These spectacular tables are embellished with the arms of the Caprari and Amalfi families, and celebrate the marriage in 1616 of Nicola Caprari to Vittoria Piccolomini, sister of the Duke of Amalfi.
Trophies of beribboned musical instruments and arms, emblematic of Peace and Pastoral life, are hung between lozenged hatchments enclosing the family armorial shields displayed within flowered and corona-ensigned cartouches. Motifs from the armorials are incorporated in the borders, which evoke the Elements, and include a fantastical array of beasts including a phoenix emerging from the flames and fire-guarding salamanders. One top also has Jupiter's eagles at the base while its top features Venus's dolphins guarding a shell and moon-crescent, while the other has a crescent and star guarded by lions at the base, while pairs of draco-serpents guard a shell and fleur de lys at the top.
The tops are of an unusually small size, and it is probable that they were commissioned, along with the stylish English ormolu bases, early in the 19th Century by an aristocratic collector on the Grand Tour, reusing 17th Century pietre dure from larger panels celebrating the union of the Caprari and Amalfi families. The use of armorial cartouches on a ground of white marble recalls a series of coats-of-arms of cities in pietra dura, also on a white ground, in the celebrated Capella dei Principi in Florence (see U. Baldini et al., La Capella dei Principi e le Pietre Dure a Firenze, Milan, 1979, figs. 219-239), while a similar pietra dura coat-of-arms, for the Medici family, also on a ground of white marble, is in the Museo dell'Opificio delle Pietre Dure in Florence.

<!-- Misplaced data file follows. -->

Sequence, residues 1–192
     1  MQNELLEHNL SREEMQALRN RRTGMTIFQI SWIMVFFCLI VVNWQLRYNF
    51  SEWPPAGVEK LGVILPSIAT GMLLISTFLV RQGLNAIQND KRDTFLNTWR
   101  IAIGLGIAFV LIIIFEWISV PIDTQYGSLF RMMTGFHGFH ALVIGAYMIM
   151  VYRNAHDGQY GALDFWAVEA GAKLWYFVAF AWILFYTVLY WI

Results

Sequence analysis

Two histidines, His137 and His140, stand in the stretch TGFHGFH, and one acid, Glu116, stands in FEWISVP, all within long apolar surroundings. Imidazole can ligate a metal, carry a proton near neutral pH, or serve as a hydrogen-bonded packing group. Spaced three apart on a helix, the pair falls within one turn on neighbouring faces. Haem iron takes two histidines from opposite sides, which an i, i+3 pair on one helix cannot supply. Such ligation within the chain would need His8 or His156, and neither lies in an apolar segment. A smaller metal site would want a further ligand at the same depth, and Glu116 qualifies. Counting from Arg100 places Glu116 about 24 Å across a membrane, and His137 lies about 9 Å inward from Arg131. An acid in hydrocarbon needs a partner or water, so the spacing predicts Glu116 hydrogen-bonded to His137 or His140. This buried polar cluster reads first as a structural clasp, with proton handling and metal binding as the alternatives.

The coats-of-arms are those of Nicolo Caprari, who was a senator in Bologna and also a Knight of the order of S. Iago, and Vittoria Piccolomini, and celebrate their marriage in 1616. She was the sister of Ottavio Piccolomini-Pieri (1599-1656), Duke of Amalfi, who had a distinguished military and diplomatic career in the service of the House of Habsburg during the Thirty Years' War.
THE ENGLISH ORMOLU BASES
The English Regency ormolu bases are executed in the 'Roman' manner, while their cone-shaped columnar legs and scrolled palm-leaf capitals reflect the monumental Grecian style introduced around 1800. This 'antique' fashion was popularized in England by pattern books such as Thomas Hope's Household Furniture and Interior Decoration, 1807, and George Smith's Collection of Designs for Household Furniture, 1808. The robust bronze foliage relates to the work of lamp manufacturers such as William Collins, who was established in the Strand in 1808, and worked extensively for the Duke of Northumberland (see Temple Newsam House, Country House Studies, Country House Lighting, 1992, fig. 35). Certainly, the combination of these elegant à l'antique bases with the grandeur of the pietra dura tops, would have appealed to the sophisticated, antiquarian connoisseur-collector who originally commissioned them.